Additionally, both the FLSA and IMWL mandate that an employer found in violation of either law is liable to compensate an employee for all costs, and more importantly attorneys fees. The employer will be liable for such fees even though the employee is usually (depending on the lawyer the employee has hired) not required to pay any hourly attorney fee. Nevertheless, the employer will still be required to pay for all the hours the attorney or attorneys have invested in the case, despite that the client is not required to pay the attorney for such hours. This gives the employer a huge incentive to agree to a settlement rather than risk having to pay thousands upon thousands in attorneys fees in addition to the past due overtime, liquidated damages, and costs of litigation. This, makes such cases affordable for virtually any employee or former employee to bring such suits against their employer with little to no costs in the long run.
Despite these penalties, violations of these statutes remain extraordinarily commonplace--presumably because employers and employees either believe they are exempt from the law, or because they know employees are too afraid of retaliation ever to complain. However, the FLSA has extremely strict penalties to prevent an employer from retaliating against employees who assert their rights under the law. Moreover, the Illinois Whistle Blower Act (http://www.ilga.gov/legislation/ilcs/ilcs3.asp?ActID=2495&ChapterID=57) also protects an employee who files a complaint against their employer.
The reason for these provisions is that the bringing of private lawsuits help with the enforcing of the FLSA and Illinois Minimum Wage Law, which in turn improve the economy. Both Congress and the Illinois General Assembly have created a cause of action that allows virtually any victimized employee to afford to bring forth a cause of action in a court of law. Thus, both the federal and state governments encourage employees to assert their rights under the federal and/or state wage and hour laws in a court of law. Bringing suits for unpaid overtime wages is not an attack on small businesses or the struggling economy, it is quite the opposite!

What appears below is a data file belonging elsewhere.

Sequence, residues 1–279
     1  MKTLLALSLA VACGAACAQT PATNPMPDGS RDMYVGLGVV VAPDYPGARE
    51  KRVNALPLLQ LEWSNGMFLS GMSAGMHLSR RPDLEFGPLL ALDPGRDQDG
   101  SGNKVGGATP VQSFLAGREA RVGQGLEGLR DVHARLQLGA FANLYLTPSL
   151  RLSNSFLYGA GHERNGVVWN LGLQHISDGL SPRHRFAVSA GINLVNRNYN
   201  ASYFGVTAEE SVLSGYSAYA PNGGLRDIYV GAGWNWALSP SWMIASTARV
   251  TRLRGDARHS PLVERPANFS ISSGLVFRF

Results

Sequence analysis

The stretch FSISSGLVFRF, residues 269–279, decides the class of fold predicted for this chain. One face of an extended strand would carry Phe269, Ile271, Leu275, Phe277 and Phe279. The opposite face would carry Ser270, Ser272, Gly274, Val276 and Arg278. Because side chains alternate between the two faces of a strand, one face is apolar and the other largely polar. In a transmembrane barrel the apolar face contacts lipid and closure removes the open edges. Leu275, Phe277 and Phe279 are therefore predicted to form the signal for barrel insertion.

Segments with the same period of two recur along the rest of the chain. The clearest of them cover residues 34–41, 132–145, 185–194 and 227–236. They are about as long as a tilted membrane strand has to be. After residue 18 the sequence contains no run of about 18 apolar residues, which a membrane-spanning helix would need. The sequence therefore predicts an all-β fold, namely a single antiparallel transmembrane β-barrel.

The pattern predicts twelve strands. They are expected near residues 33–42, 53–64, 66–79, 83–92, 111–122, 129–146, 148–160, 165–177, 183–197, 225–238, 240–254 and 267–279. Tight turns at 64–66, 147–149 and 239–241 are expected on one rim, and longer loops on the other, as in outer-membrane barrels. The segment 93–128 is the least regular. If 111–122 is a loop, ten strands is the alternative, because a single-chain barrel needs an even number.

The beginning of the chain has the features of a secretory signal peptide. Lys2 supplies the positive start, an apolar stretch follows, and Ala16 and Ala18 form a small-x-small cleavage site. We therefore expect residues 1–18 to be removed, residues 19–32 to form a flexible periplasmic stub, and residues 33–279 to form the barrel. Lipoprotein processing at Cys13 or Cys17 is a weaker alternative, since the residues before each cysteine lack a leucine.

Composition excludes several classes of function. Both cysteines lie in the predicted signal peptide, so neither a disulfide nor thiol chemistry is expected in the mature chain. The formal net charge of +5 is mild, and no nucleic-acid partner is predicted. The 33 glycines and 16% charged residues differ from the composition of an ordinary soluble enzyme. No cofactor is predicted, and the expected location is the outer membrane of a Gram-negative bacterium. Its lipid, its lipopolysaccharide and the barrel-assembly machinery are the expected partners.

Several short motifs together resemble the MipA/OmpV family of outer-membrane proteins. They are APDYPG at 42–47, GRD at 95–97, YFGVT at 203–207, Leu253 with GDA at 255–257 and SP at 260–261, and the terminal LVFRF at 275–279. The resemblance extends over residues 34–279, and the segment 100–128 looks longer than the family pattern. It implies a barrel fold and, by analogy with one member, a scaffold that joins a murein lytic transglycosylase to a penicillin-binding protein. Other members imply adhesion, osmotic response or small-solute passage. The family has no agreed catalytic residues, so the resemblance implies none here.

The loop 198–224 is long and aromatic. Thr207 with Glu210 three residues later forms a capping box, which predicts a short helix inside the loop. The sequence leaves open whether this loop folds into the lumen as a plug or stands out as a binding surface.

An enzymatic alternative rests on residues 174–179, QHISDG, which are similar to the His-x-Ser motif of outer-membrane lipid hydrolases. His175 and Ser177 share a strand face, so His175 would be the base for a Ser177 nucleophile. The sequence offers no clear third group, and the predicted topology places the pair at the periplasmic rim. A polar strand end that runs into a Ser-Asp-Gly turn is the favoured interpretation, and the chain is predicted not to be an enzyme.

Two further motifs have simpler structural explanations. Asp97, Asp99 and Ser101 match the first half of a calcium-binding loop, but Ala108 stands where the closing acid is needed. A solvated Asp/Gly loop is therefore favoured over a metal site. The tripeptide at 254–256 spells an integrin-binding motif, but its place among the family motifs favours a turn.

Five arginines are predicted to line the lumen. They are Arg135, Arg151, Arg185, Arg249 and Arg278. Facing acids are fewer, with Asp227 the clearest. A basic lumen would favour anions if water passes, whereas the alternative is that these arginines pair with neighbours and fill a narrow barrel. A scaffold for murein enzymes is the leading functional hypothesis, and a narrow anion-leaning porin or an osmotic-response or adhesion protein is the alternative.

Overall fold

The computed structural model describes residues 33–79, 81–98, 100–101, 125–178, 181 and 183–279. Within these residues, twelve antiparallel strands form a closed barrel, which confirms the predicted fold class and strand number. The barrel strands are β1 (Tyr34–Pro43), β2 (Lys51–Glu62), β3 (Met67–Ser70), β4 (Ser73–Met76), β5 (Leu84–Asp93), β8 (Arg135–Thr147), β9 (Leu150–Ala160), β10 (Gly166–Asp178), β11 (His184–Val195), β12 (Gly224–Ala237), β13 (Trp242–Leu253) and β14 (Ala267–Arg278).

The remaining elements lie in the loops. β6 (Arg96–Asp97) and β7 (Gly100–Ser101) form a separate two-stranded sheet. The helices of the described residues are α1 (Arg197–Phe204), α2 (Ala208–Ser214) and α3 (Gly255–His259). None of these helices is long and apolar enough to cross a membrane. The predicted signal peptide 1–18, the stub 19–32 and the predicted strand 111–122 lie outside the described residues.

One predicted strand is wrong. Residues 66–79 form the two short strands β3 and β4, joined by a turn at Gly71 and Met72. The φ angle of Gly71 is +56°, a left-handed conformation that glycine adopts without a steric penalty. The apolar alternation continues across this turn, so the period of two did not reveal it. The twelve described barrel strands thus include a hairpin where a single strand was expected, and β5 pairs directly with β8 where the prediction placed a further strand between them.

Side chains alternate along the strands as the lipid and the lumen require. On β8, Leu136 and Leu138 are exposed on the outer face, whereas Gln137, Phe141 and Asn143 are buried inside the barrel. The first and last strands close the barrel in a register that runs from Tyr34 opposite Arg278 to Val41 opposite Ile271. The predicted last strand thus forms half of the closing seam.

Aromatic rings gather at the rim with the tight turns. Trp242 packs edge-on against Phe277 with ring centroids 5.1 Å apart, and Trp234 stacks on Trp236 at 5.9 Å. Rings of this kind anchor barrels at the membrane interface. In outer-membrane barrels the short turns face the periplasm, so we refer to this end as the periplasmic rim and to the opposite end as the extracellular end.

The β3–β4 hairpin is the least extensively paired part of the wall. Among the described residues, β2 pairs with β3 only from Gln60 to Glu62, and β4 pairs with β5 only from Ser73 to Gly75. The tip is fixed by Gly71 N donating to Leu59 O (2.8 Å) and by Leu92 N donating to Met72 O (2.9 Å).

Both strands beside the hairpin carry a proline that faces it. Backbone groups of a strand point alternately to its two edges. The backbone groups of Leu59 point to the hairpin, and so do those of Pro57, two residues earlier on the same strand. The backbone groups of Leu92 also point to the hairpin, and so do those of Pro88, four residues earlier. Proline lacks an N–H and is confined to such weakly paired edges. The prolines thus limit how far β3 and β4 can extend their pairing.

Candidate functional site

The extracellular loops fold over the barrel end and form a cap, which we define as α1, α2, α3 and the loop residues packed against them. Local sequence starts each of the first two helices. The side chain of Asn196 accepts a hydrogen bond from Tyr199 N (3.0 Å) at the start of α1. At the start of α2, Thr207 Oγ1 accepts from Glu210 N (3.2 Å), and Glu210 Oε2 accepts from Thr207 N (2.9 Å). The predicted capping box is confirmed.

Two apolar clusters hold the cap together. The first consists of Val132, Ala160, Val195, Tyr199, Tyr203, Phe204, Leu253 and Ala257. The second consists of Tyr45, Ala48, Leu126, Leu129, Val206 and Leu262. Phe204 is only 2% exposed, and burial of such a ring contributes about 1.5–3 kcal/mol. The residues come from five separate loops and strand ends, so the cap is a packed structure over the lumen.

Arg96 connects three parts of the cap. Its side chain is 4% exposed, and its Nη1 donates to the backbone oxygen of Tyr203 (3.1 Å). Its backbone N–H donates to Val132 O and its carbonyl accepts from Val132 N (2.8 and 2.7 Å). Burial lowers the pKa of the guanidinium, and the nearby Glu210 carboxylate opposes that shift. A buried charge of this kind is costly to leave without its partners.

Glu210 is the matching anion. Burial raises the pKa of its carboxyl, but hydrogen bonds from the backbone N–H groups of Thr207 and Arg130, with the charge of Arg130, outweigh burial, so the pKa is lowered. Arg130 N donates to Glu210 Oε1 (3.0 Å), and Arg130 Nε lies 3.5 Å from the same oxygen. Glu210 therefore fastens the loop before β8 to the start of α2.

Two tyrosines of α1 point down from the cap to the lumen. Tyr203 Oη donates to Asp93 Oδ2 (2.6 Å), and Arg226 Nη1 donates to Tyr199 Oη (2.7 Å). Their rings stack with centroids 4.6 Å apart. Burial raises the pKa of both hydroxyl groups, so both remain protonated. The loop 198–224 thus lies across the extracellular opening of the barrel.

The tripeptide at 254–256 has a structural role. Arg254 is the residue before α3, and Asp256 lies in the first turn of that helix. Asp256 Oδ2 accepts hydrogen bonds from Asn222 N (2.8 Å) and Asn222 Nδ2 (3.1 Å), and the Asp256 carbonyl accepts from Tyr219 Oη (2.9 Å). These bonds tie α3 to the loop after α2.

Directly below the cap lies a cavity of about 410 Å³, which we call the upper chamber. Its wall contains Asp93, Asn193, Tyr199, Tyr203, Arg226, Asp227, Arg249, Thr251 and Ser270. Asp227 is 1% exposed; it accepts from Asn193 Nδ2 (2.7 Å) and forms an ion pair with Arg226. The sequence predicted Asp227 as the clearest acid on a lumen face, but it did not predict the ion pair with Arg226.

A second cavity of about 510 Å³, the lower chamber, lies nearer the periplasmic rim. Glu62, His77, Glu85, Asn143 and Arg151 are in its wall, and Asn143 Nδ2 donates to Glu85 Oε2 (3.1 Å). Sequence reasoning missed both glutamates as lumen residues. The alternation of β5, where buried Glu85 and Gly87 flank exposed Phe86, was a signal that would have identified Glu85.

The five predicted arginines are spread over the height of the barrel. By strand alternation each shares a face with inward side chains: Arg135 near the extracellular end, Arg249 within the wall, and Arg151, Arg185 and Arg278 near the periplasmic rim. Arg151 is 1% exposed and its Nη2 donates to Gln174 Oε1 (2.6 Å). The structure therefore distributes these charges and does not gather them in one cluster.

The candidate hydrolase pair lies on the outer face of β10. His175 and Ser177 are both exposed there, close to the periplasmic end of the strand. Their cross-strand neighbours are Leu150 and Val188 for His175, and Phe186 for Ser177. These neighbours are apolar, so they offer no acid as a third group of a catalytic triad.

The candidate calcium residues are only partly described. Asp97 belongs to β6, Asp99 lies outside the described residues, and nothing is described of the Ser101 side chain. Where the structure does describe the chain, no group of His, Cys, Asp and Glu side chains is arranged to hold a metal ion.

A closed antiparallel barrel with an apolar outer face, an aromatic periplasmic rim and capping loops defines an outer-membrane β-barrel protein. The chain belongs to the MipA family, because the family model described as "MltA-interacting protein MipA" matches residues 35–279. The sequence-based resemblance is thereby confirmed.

It should also be mentioned that, even though the federal and state governments, have set up administrative agencies to enforce such laws, such agencies are backlogged and, in my experience, often have precisely the opposite effect of their intended function. For example, in a number of instances, the employee who files a claim with the Illinois Department of Labor ends up with either nothing or a small fraction of what he or she was owed because the statute of limitations expires while the case is in line to be investigated. When the employee discovers that the agency has either decided not prosecute his or her case, or has done a substandard investigation, it is too late for such employee to bring his or her own cause of action in a court of law. An employee must understand that, in the case of the Illinois Department Labor, the department represents the State of Illinois, not the specific employee. Further, such agencies have an interest in clearing their case load, and in my extensive experience, it is almost guaranteed that a substandard and inaccurate investigation will be conducted.
Thus, if an employee has any realistic expectation of receiving the wages and/or overtime wages that he or she is owed, plus the required monetary penalties, retaining an attorney with experience in wage and hour laws is essential. As explained before, it ultimately costs very little to nothing to the employee in the end to do so, depending on the attorney that the employee chooses to retain. If you are working over 40 hours a week and not receiving time plus one half of your hourly rate for each hour over 40, or are otherwise not being compensated for work performed, despite what your employer or your employee handbook claims about your status; or if you are being paid in an unnecessarily complicated and strange manner, you might very well be owed overtime wages.